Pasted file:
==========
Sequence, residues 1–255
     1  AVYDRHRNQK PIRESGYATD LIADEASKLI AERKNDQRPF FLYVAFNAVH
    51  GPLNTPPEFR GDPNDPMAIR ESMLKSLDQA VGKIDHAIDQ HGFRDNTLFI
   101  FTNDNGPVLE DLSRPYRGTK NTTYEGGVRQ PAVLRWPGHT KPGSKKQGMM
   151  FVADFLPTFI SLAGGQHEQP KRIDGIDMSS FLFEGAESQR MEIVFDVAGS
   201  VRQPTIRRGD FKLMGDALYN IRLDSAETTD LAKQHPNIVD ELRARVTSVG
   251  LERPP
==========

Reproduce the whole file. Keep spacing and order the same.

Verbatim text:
Sequence, residues 1–255
     1  AVYDRHRNQK PIRESGYATD LIADEASKLI AERKNDQRPF FLYVAFNAVH
    51  GPLNTPPEFR GDPNDPMAIR ESMLKSLDQA VGKIDHAIDQ HGFRDNTLFI
   101  FTNDNGPVLE DLSRPYRGTK NTTYEGGVRQ PAVLRWPGHT KPGSKKQGMM
   151  FVADFLPTFI SLAGGQHEQP KRIDGIDMSS FLFEGAESQR MEIVFDVAGS
   201  VRQPTIRRGD FKLMGDALYN IRLDSAETTD LAKQHPNIVD ELRARVTSVG
   251  LERPP